A single, continuous fossil shear zone would generate phases similar to those observed. The PVG and NVG could be the upper and lower boundaries, respectively, of a layer of radial anisotropy (Fig. 3), generated by a foliated fabric in a sheared/mylonitized layer. Wide mylonite zones (3–4 km) are observed in western Georgia near the suture (Sears and Cook, 1984). In this interpretation (Fig. 4), the shear zone corresponded to the Laurentia-Gondwana suture in the south, and transitioned into a shallow detachment in the north that accommodated the motion of thin, fault-bounded thrust sheets that are visible on reflection profiles (e.g., McBride et al., 2005). Such a model, in which deformation occurred in the mid-crust south of the suture, is consistent with largely undeformed shallow Paleozoic sediments in the Gondwana terrane (Chowns and Williams, 1983). Alternatively, portions of the PVG-NVG structure could be created by velocity contrasts due to rock type, such as a sliver of high-velocity mafic arc crust from the Carolina terrane along the dipping segment of the suture.
Not only is this detachment geometry similar to that observed today in the Himalayas, but estimates of peak metamorphic conditions are also comparable. Temperature-time paths for terranes directly north of the Laurentia-Gondwana suture indicate a decrease from peak metamorphic conditions (∼780 °C) at 300 Ma to ∼300 °C by 275 Ma (Steltenpohl et al., 2008), suggesting uplift and unroofing at the time of the collision with Gondwana (e.g., Hatcher, 2010). These high metamorphic temperatures are consistent with conditions reported for the Himalayas that have led to models involving mid-crustal flow evolving to localized shear zones (Parsons et al., 2016), in contrast to more rigid crustal rheologies.
We conclude that the final stages of the building of the southern Appalachian Mountains involved the north-northwestward overthrusting of Gondwana onto the Laurentian plate (Fig. 4). This period began when Gondwana (i.e., the Suwannee terrane) collided with the Laurentian margin. As the collision progressed, Gondwana overthrust the lower Laurentian crust along a localized mid-crustal shear zone at 20–30 km depth that ramped up at a shallow angle to the near surface. Additional shearing in the lower crust possibly occurred, but is not required. By the final stages of collision, Gondwana had overthrust the margin by >330 km (Fig. 4A, bottom panel). This interpretation implies that the underthrust Laurentian margin lies further south than previously inferred (Thomas, 2010). The geometry of the Laurentia-Gondwana suture precludes extensive strike-slip motion accommodated on the suture itself, negating models that include such motion (Pollock et al., 2011; Mueller et al., 2014), supporting those that instead invoke significant shortening on the suture (e.g., Hatcher, 2002, 2010), and placing new constraints on reconstructions of global plate motions (e.g., Domeier and Torsvik, 2014). While there may have been strike-slip motion accommodated elsewhere or earlier in time, the culmination of the Appalachian mountain building must have been driven by the near head-on collision of Laurentia and Gondwana.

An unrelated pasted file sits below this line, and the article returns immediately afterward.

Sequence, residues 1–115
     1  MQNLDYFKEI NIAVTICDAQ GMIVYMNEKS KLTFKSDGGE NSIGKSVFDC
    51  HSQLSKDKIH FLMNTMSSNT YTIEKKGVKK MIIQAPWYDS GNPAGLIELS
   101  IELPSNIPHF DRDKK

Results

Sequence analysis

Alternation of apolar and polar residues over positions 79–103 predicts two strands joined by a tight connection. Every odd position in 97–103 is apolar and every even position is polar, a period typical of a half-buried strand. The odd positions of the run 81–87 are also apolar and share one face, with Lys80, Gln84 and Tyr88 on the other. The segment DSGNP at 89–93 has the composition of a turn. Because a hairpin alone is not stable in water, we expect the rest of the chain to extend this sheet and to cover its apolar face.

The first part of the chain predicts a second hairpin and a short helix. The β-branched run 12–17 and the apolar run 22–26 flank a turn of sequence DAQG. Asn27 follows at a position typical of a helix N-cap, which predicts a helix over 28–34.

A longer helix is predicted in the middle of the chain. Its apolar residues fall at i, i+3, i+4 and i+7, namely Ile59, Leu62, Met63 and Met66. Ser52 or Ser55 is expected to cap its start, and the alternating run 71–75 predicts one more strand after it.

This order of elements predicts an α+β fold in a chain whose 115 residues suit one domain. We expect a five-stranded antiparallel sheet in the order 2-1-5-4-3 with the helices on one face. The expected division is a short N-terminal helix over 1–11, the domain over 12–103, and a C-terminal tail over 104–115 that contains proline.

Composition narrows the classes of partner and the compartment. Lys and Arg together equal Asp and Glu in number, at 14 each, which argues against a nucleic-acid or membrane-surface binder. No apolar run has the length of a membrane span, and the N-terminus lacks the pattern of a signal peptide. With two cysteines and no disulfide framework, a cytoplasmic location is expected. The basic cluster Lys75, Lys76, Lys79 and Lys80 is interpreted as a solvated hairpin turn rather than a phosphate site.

The extensive, low-angle mid-crustal detachment imaged here in the southern Appalachian Mountains contrasts sharply with other Paleozoic and Proterozoic orogens where basement sutures between colliding crystalline continental crusts are inferred to be steeper and/or more complex (Juhlin et al., 2000; Simancas et al., 2003; Korja and Heikkinen, 2005). The Laurentia-Gondwana suture is instead similar to detachment structures in the Himalayas, indicating that conditions in the Paleozoic allowed deformation processes and crustal rheologies during continental collision that are comparable to those in the present day.
We thank the many people who made the SESAME array possible: the staff of the Incorporated Research Institutions for Seismology (IRIS) PASSCAL Instrument Center, the student/postdoctoral field crews (in particular, Horry Parker), and the landowners who hosted stations. We also thank Donna Shillington for sharing early results from the SUGAR experiment. Our thanks to Robert Hatcher and two anonymous reviewers for their helpful comments. The instruments used in the field program were provided by the IRIS PASSCAL facility, and waveform data were accessed through the IRIS Data Management Center. This work was funded by the National Science Foundation EarthScope Program under the American Recovery and Reinvestment Act of 2009 (Public Law 111-S) through awards EAR-0844276 (K.M.F.), EAR-0844186 (L.S.W.), and EAR-0844154 (R.B.H.).
- Received 7 August 2016.
- Revision received 5 October 2016.
- Accepted 6 October 2016.
- © 2016 Geological Society of America